Visually, the film is simply stunning. The motion capture approach isn't new and each time it gets applied seems to provide different but intriguing results. What we get here is a movie that at times is so close to being what could be considered real that it's hard to tell. There's an amazing amount of detail in the faces, clothing and backgrounds. Some of the close-ups of the faces are just startling to see how much is there and this is still just a film encoded at 480. The animators have done an incredible job here that in some ways tops what you get from the Hollywood CG films since this one, even in its most fantastical moments, has so much of what it does based in simple reality. From the clothes blowing in the wind, the detail of the leather or the layering of the hair, it's amazing.

As gorgeous as the animation is, some aspects of it were just plain unsettling. A lot of the action scenes are very well done, but when it comes to the one on one combat as opposed to bike chases and the like, it takes on such a hyper feel that it loses a lot of its realism. Now granted, it's basically a film extension of a video game and they're keeping true to the source material, but it just felt like a sharp shift from what it was doing before. In and of itself it wouldn't have been all that bad, but with the myriad number of quick cuts and edits, occasionally inserted flashbacks and so many movements looking like they were leapfrogs in how they jumped about, it almost made me laugh more than be wowed by what I was seeing.

The other problem that I really had with the film is that by the time it hit the halfway mark of about fifty minutes, it simply loses a lot of its steam. And that steam is lost at the time when it shifts from most of its storytelling attempts into one of straightforward action that just goes on and on until the end. Kadaj's summoning of the giant beast that attacks the city square as his pledges line around them is a massive action piece but it was also at that point that interest in what was going on. The first half introduces a lot of interesting material, material that I felt like you really had to know at least some of the game in order to appreciate, but it was things that I knew or could at least make the logical leap with. This isn't a film for those who don't have a familiarity with the franchise since I think that while they could make some of the leaps necessary for the story, a lot of the key elements would be lost.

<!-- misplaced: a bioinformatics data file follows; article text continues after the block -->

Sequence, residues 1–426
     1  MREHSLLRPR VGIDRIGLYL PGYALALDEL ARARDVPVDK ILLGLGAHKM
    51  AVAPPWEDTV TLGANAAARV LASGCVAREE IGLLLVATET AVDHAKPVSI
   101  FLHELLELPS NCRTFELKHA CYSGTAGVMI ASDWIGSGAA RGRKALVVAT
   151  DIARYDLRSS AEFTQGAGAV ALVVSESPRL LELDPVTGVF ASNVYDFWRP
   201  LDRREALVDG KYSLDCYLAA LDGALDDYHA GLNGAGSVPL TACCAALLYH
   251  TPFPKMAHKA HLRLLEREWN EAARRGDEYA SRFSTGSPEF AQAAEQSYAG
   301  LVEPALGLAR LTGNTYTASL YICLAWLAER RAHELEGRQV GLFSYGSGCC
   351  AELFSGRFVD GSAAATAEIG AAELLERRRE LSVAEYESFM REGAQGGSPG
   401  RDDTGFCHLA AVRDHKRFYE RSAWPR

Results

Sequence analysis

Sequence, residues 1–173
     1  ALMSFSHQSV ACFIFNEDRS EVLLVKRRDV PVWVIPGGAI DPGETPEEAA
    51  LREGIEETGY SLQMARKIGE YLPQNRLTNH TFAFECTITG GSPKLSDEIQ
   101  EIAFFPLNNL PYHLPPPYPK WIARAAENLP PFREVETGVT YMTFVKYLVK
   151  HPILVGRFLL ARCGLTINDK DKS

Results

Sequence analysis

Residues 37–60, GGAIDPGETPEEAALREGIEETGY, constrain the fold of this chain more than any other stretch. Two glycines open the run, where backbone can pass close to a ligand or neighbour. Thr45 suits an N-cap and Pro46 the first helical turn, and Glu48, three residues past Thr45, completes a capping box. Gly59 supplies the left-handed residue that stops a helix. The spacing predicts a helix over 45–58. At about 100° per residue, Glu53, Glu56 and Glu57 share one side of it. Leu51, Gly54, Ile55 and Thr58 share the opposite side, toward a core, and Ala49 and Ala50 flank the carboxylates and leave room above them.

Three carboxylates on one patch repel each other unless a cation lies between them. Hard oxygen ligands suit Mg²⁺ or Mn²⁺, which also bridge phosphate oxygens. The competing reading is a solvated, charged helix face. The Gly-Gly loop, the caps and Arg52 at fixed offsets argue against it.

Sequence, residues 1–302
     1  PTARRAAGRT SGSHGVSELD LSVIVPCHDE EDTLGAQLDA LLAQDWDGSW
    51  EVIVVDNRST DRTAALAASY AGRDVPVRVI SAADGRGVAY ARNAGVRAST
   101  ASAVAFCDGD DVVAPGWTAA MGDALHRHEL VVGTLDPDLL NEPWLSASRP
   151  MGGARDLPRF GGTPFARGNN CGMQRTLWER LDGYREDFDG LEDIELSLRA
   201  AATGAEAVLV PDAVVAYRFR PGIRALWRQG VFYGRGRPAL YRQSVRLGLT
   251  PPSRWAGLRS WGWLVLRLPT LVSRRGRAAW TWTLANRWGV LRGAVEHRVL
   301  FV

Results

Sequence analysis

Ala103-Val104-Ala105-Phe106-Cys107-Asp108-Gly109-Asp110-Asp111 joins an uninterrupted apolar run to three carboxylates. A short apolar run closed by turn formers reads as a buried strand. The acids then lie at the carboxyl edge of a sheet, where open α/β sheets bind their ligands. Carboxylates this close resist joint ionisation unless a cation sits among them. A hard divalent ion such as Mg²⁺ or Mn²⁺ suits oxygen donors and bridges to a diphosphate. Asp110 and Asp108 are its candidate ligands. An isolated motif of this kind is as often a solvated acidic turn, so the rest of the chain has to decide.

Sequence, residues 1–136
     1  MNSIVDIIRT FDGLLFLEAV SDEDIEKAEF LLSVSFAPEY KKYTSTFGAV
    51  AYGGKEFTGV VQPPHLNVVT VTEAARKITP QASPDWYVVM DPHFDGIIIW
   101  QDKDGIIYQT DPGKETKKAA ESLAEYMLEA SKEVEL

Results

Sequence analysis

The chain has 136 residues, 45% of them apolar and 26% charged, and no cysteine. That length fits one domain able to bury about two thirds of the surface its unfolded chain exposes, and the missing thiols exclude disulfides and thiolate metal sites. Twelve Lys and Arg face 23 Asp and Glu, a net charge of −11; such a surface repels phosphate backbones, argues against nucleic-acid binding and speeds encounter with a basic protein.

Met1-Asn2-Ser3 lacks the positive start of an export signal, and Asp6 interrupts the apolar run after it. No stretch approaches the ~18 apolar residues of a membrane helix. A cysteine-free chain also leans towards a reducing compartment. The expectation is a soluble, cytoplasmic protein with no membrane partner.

In Summary:
Final Fantasy VII: Advent Children is a visual and aural feast. This is the kind of film that should have been made several years ago and put into theaters here. But even then I think it would have been a critical failure simply due to the way the storytelling is executed here. The film is a big love song to fans of the original game and not something that stands alone. I don't think it can just be jumped into without any real knowledge beforehand without losing a lot of what makes this as powerful a piece as it is for those that it was made for. For that audience, this is almost a once in a life time kind of event and it's easy to see why it generated such hype and love from its fans. Being a casual fan, I can see that appeal but a lot of the weaknesses inherent in the film simply stand out too strongly to make it enjoyable. When I'm checking the countdown timer at the halfway mark and lost interest in the story, there's definitely trouble afoot.

Features
Japanese 5.1 Language,English 5.1 Language,English Subtitles,,French Subtitles,Spanish Subtitles,Portuguese Subtitles,Korean Subtitles,Thai Subtitles,Mandarin subtitles,Cantonese Subtitles,Reminiscence of Final Fantasy VII Featurette (Story Digest of Original Game), The Distance: Making-of Featurette, Deleted Scenes, Venice Film Festival Footage, Sneak Peak of upcoming Final Fantasy VII games, Original Trailers.

Review Equipment
Panasonic PT50LC13 50" LCD RP HDTV, Toshiba HD-A1 Progressive Scan HD DVD player via HDMI -> DVI with upconversion set to 1080i, Sony STR-DE835 DD/DTS receiver, Monster component cable and Panasonic SB-TP20S Multi-Channel Speaker System With 100-Watt Subwoofer.



Mania Grade: C
Audio Rating: A-
Video Rating: A+
Packaging Rating: B+
Menus Rating: B
Extras Rating: A
Age Rating: 13 & Up
Region: 1 - North America
Released By: Sony Pictures Home Entertainment
MSRP: 26.95
Running time: 101
Aspect Ratio: 1.85:1 Anamorphic Widescreen
Disc Resolution: 480i/p (mixed/unknown)
Disc Encoding: MPEG-2
Series: Final Fantasy 7: Advent Children